Powerhouses such as Walt Disney, Hollywood Entertainment and Levi Strauss have eased themselves out of the e-tail game after their online stores foundered. Stalwart retailers such as Wal-Mart, Staples and Sears, Roebuck have invested big money in their Net divisions, and all have yet to show a profit.
The latest example of a large, traditional retailer marching toward the e-commerce sidelines is Toys "R" Us. The nation's largest toy merchant turned over most of its Web operations to Amazon.com when the two companies agreed to create a co-branded Web site, they announced last week.
"Nobody has come up with the absolute perfect formula to sell online," said Toys "R" Us spokeswoman Rebecca Caruso. "But we are committed to selling online. Toys 'R' Us and Amazon will be everywhere our customers are."
With pure online companies driven out of business daily during the ongoing shakeout and large retailers struggling to sell goods online, some analysts say that it appears the Internet has fallen far short of the blockbuster buying tool investors and analysts once predicted it would be.
In Toys "R" Us' case, the nation's leading toy retailer abruptly halted beefing up its Web operations just three months before the holiday season and handed them over to Amazon for the next decade.
"What it came down to is that they weren't seeing the kind of buying online that they had anticipated," said a source close to Softbank, the venture capital firm that invested $57 million in Toys "R" Us in February.
"They found that people were using the Net to browse or to buy small-ticket gifts for other people's children," the source said. "When it came to buying for their own kids, which is when most big-ticket toys are bought, most people chose to shop in land-based stores."
After crunching the numbers, Toys "R" Us also discovered that the cost of dominating the online toy business may not be worth the trouble.
"They figured (their expansion plan) would take too long to pay for itself," the source said.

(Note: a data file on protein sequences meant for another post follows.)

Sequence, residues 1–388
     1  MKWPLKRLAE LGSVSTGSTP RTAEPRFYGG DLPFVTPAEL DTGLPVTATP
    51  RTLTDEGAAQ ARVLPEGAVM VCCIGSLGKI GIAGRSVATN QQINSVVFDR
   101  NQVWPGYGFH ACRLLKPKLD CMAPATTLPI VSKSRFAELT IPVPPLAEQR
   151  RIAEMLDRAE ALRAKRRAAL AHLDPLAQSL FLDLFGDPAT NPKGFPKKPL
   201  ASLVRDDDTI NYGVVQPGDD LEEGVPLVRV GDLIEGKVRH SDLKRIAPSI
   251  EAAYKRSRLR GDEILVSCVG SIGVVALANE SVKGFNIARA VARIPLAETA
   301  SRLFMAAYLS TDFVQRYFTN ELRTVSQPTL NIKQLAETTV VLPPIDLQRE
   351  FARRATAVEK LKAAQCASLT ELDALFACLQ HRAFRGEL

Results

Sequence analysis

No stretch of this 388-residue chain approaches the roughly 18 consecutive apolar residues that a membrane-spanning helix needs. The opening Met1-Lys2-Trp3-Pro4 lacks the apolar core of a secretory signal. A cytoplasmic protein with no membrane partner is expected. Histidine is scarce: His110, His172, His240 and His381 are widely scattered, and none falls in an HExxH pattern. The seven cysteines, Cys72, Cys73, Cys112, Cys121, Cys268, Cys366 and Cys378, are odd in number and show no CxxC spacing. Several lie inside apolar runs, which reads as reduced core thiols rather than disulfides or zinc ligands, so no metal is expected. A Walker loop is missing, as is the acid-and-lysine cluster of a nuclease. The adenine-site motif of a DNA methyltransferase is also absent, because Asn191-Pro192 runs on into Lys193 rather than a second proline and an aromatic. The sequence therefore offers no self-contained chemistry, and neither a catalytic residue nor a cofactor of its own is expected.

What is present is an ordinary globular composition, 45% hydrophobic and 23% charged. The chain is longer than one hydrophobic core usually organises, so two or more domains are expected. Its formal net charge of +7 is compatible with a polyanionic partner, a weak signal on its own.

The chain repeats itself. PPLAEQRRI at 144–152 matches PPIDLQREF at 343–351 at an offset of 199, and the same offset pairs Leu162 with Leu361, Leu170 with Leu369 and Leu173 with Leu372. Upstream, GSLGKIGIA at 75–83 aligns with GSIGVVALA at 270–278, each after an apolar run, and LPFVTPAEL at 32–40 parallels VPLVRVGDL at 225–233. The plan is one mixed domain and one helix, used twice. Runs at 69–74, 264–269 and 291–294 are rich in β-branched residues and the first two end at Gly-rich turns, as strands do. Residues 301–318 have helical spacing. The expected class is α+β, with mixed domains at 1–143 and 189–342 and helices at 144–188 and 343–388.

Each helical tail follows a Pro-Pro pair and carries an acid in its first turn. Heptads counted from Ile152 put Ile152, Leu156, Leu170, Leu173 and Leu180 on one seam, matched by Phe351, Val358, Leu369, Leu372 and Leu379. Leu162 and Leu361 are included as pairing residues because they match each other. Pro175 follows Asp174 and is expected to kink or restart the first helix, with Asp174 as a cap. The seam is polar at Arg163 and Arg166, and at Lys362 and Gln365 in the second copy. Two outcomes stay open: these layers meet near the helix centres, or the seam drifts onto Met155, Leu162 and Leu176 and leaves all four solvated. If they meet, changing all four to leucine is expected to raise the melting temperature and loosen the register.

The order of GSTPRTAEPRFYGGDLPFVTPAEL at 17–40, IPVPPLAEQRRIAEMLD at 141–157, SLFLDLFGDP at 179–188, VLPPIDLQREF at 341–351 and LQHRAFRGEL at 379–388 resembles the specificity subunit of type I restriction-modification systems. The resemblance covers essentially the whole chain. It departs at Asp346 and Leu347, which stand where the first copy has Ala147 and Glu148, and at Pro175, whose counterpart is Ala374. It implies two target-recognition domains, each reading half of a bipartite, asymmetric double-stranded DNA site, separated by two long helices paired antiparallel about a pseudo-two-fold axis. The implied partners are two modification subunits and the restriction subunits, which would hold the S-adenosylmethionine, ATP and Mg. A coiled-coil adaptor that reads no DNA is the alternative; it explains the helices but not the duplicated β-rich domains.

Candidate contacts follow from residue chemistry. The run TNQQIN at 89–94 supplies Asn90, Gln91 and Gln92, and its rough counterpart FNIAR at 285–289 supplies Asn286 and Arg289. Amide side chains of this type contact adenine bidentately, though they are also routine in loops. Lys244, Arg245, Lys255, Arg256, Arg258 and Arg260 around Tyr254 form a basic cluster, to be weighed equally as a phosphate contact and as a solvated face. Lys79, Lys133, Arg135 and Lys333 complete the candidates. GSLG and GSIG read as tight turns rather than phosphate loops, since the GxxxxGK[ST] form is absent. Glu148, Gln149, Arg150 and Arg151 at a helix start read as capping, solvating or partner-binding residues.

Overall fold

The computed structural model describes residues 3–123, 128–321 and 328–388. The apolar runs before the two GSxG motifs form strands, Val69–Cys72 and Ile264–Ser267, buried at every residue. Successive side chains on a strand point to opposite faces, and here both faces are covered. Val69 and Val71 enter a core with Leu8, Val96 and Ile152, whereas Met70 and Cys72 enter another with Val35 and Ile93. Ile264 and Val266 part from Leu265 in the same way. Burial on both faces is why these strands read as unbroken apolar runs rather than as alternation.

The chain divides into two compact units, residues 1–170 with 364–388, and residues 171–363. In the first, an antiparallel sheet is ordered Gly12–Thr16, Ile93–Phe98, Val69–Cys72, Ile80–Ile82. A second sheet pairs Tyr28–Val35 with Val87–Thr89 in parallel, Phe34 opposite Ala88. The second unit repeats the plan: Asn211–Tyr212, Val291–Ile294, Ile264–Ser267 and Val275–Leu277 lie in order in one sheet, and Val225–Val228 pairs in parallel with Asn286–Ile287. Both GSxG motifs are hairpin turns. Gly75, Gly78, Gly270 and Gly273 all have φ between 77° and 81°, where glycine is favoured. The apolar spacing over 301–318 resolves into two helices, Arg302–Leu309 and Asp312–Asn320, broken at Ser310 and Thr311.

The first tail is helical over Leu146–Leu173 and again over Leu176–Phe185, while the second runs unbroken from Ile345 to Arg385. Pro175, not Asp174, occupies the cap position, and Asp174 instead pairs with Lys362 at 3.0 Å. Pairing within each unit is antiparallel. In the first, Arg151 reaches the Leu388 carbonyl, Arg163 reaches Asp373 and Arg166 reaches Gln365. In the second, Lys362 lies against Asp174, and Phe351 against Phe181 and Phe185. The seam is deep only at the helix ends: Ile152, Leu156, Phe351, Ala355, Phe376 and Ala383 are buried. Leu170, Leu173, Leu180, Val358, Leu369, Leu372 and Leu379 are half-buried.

Controlling costs has become paramount at Toys "R" Us, as the company struggles to retake the top spot in toy sales from Wal-Mart. On Monday, the Paramus, N.J.-based company released second-quarter earnings and said that fiscal second-quarter profit fell 75 percent on declining sales in its U.S. stores and losses at its Internet division.
Toysrus.com chief executive John Barbour said during an exclusive interview Monday with CNET News.com that the partnership with Amazon was formed because it made sense.
"We've looked at Amazon as a role model since I came here," Barbour said. "There is no one that runs a tighter, more organized online business. What we've done is matched the world's best e-commerce store with the world's best toy store."
Under the terms of the 10-year agreement, the companies will create a Web site for toys and video games. The deal calls for each company to play to its strengths. Amazon will oversee site development, order fulfillment and customer service for the new site, while Toysrus.com will manage merchandising and inventory.
Toys "R" Us steamed into the new year saying it would spend big to ensure that the mistakes of last holiday season were not repeated.
Over and over again, Toysrus.com appeared to trip over its feet as it stepped online. The company's costliest gaffe came when it informed customers days before Christmas that it wouldn't be able to deliver some goods until after the holiday.
Some customers affected by the shipping delays filed a class-action lawsuit and as a result, the Federal Trade Commission fined Toysrus.com more than $300,000 last month.
A week before the deal with Amazon was announced, Toysrus.com was hit with a new class-action lawsuit that alleges the company shared customer data obtained from its Web site with market researchers, something it promised in a written statement never to do. Toysrus.com has denied the charges.
Barbour said the recent controversies have nothing to do with the decision to partner with Amazon. He also rejected the idea that Toys "R" Us has given up on its Net operations or that its role has diminished.
"We have the expertise in buying and, together with Amazon's Web expertise, we have the opportunity to create the world's best online shopping experience."